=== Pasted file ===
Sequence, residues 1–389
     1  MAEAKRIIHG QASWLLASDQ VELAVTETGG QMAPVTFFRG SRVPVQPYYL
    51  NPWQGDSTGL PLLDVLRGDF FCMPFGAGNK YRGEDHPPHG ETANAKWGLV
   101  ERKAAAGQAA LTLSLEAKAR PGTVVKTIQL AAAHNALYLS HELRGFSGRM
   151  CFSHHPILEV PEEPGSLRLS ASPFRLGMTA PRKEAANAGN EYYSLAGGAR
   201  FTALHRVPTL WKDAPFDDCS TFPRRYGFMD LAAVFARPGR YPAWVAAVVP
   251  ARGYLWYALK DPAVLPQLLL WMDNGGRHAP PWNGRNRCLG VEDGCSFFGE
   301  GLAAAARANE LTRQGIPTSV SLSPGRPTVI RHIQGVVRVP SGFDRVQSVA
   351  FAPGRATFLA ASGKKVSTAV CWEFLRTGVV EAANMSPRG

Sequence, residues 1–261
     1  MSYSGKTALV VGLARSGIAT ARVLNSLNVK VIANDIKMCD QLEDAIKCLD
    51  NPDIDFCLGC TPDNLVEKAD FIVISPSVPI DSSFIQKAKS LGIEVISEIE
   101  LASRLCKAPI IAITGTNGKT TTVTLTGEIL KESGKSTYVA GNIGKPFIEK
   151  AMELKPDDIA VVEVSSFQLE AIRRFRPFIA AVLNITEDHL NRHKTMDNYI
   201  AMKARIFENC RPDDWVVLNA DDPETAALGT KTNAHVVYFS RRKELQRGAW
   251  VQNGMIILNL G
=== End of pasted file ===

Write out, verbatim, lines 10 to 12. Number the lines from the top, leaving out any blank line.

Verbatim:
Sequence, residues 1–261
     1  MSYSGKTALV VGLARSGIAT ARVLNSLNVK VIANDIKMCD QLEDAIKCLD
    51  NPDIDFCLGC TPDNLVEKAD FIVISPSVPI DSSFIQKAKS LGIEVISEIE